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Hyponatremic Encephalopathy

Texas Attorney Experienced in Hyponatremia Medical Malpractice Cases

Attorney John Millard, of the Law Office of John Millard, P.C., has extensive experience handling cases involving injury from hyponatremia and hyponatremic encephalopathy. With more than 20 years of experience handling medical negligence claims, he has gained a special proficiency in such cases, and can help people throughout the United States who have suffered from the condition.

WHAT IS HYPONATREMIA?

Hyponatremia is an "electrolyte imbalance," meaning that the level of sodium in the blood drops below 135 (with the normal range usually being 135-145). It is one of the most common electrolyte abnormalities seen in a general hospital population today and is generally a benign condition. But when patients manifest central nervous system symptoms of "hyponatremic encephalopathy", immediate therapy is required if death or permanent brain damage is to be prevented.

The most dangerous cause of hyponatremia is postoperative hyponatremia, which is a frequent complication among adults following any kind of surgery. Symptoms of hyponatremic encephalopathy are related to the swelling of the brain, and include:

  • Nausea
  • Vomiting
  • Weakness
  • Confusion
  • Agitation
  • Delusions

Once symptomatic, hyponatremia can rapidly progress to the point of brain herniation, respiratory failure, brain damage and even death. But hyponatremia is virtually 100% reversible if recognized and treated promptly and appropriately. Numerous studies have shown that prompt and appropriate treatment can result in complete reversal without any adverse affects for the patient.

Many physicians simply do not appreciate the danger of low sodium in the blood, and therefore it often goes untreated. Respiratory arrest usually ensues, and then no treatment can reverse brain damage or prevent death.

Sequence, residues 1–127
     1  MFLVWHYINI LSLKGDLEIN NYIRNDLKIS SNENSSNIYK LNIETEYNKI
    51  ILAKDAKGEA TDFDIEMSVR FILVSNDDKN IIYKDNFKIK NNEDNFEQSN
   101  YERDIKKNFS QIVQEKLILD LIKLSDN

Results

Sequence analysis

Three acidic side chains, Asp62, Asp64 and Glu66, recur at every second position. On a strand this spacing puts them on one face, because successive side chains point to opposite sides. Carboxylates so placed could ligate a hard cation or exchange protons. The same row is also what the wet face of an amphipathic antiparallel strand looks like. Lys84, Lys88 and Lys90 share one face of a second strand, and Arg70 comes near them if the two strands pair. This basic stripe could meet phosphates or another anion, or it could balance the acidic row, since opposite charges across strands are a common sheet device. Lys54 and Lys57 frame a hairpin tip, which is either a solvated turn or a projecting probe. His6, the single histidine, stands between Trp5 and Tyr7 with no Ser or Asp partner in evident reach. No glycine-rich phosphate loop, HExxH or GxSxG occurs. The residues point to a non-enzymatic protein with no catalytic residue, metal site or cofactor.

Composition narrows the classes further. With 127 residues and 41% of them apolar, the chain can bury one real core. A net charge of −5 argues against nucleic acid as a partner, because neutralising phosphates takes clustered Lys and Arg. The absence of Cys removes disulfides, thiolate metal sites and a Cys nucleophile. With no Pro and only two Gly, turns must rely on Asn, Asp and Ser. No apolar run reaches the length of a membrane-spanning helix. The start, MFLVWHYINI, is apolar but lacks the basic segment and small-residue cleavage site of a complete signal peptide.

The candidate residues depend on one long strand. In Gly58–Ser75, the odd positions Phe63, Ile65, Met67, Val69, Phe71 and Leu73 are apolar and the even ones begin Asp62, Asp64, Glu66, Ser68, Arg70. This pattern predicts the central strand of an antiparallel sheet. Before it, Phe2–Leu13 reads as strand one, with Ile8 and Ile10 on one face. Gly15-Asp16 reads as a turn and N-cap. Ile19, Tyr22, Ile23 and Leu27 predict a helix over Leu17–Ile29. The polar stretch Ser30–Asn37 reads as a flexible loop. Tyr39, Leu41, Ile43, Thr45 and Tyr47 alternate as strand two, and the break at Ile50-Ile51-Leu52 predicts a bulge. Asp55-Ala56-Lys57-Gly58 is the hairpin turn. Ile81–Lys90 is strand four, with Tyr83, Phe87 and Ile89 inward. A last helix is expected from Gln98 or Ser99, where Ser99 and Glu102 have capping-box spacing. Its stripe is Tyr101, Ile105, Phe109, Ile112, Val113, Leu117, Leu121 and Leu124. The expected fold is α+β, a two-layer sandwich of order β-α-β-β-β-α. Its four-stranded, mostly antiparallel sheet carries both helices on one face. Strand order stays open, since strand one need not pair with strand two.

Every postoperative patient should be considered at risk for the development of hyponatremia, and appropriate preventative measures should be taken. Correct treatment includes avoiding hypotonic fluids, administering hypertonic sodium chloride using an infusion pump, and monitoring blood sodium levels every 2 hours until the patient becomes neurologically stable.

IMPROPER TREATMENT OF HYPONATREMIA

The consequences of improper treatment of hyponatremic encephalopathy can be just as devastating. Hyponatremia is often treated as dehydration with a recommendation to drink water frequently, merely causing water intoxication, throwing of the balance of sodium and water off even further, and worsening the condition.

Treatment should be instituted with caution because overly rapid correction of hyponatremic encephalopathy may lead to severe and permanent brain damage. The aim of treatment should be to increase the serum sodium slowly over an extended period of time. Treatment with hypertonic fluids, or too rapid correction of the condition, can cause a complication called "central pontine myelinolysis ", which results in severe irreversible brain damage.

A WINNING STRATEGY

At the Law Office of John Millard, P.C., we have a proven winning strategy for bringing these cases to justice. We retain honest, qualified doctors to assist us in evaluating claims. Our lawyer carefully evaluates each claim and takes only cases with merit and significant injuries.

We rely on peer-reviewed medical articles from the leading medical journals to educate about hyponatremic encephalopathy, and avoidance of brain damage and death. Our lawyer has an expansive knowledge of current peer-reviewed medical literature regarding hyponatremia and hyponatremic encephalopathy.

Contact Us

If you or a loved one wishes to mount a medical malpractice lawsuit involving untreated or improperly treated hyponatremic encephalopathy, then contact us for a free initial consultation with our lawyer.

Our law firm helps clients throughout the United States, with many clients living near our home town of Sugar Land, Texas, in communities such as Fort Bend County, Richmond, Rosenberg, Houston, Harris County, Galveston County, Brazoria County, Montgomery County, and more.